What is a miracle? If someone had told Columbus in 1492 that he could view the new world simply by touching a screen in Madrid, he would have probably exclaimed, “It’s a miracle!” Lawrence of Arabia brought some Arab chieftains to the West after World War II, and they were astounded by western culture. But what really stopped these desert-dwellers cold was not an automobile, or a rail car, or a telephone. It was the “miracle” of a waterfall. You see, it is the state of our knowledge and the extent of our experience that condition our idea of a miracle. 

The word “miracle” is derived from the Latin verb which means “to wonder.” First and foremost, a miracle is something that moves us to wonder. And we wonder at that which we can neither understand, nor do ourselves. But that is not the full meaning of a miracle. For example, I do not understand electricity, but I do not consider it a miracle. Some do understand how electricity works, and are able to explain it to others. My television set is not a miracle, either. Although I can operate it, I could not take it apart and put it together again…but a television repairman could.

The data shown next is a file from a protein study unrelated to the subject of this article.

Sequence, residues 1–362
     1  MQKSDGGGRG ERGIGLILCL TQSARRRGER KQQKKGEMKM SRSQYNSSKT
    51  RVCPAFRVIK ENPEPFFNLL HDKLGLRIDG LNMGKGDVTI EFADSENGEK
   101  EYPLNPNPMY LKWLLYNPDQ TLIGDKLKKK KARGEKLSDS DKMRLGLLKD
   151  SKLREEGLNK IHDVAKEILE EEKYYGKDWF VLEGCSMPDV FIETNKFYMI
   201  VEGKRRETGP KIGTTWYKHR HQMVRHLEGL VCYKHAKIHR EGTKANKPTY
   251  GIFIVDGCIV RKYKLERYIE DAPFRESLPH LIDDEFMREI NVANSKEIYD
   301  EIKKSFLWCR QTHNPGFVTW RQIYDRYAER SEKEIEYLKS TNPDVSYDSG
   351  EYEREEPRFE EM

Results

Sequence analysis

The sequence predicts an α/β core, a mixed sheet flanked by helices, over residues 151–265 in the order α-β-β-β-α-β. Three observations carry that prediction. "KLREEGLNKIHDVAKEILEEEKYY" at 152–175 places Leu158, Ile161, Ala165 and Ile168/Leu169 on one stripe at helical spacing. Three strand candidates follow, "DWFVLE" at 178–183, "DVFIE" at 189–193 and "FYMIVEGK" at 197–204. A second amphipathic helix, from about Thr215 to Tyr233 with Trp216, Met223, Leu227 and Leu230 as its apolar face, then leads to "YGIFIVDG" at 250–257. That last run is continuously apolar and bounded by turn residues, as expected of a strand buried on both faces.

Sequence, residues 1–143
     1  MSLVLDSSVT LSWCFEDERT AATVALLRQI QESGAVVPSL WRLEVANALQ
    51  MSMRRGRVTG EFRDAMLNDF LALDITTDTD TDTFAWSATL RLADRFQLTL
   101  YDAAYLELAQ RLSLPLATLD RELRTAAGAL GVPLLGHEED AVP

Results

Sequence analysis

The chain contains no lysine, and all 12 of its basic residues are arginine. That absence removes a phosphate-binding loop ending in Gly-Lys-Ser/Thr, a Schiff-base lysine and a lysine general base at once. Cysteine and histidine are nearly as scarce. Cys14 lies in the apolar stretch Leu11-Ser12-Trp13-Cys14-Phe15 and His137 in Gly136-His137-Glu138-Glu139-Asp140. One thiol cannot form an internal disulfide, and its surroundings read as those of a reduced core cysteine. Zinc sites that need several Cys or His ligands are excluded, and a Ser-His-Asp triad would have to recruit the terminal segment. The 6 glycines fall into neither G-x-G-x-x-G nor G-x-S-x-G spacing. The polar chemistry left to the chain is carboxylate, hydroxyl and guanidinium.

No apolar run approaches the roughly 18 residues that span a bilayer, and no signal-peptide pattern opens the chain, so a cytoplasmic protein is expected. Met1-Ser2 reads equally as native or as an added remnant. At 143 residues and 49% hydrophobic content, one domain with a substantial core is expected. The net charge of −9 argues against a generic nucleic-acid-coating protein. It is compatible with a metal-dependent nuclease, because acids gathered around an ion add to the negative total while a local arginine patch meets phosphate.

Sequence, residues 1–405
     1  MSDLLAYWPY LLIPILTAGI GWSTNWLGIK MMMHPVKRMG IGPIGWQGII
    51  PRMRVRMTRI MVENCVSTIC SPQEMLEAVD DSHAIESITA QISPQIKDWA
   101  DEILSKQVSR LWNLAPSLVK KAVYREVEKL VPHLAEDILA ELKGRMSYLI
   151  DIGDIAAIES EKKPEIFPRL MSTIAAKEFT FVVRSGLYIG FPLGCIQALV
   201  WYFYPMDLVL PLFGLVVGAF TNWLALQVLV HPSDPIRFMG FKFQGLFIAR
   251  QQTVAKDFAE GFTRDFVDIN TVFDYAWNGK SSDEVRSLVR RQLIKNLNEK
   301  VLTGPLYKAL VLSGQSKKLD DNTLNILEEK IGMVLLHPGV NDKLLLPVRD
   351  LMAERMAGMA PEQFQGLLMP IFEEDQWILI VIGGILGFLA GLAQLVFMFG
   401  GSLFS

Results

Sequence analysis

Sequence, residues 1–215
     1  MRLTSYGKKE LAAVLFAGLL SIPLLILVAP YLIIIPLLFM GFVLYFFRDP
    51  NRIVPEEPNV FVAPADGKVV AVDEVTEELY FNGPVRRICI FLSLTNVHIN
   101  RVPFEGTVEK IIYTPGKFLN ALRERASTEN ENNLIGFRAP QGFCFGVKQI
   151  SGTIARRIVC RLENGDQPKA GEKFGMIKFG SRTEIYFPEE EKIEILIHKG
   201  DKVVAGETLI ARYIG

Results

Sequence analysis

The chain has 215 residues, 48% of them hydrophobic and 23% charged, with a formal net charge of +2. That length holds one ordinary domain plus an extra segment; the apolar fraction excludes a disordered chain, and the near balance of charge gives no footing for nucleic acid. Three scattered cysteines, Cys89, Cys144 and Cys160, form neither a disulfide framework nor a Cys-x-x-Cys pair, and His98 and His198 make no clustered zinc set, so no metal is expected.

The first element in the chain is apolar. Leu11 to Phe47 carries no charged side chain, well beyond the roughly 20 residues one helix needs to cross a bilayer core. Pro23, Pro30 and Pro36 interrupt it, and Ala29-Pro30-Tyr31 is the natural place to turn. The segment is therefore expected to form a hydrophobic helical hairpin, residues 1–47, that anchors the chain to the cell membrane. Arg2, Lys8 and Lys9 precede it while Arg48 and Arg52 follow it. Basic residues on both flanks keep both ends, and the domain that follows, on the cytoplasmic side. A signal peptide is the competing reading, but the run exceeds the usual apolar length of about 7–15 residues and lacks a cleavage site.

A miracle then, is something that defies human skills to perform, and baffles human wisdom to explain. The disciples worked many miracles as the New Testament Church was born and built. They healed sickness. Escaped from prison. Even brought the dead back to life. But the greatest miracle of the New Testament (and of our day!) is the miracle of a changed life. There’s simply nothing else that even comes close.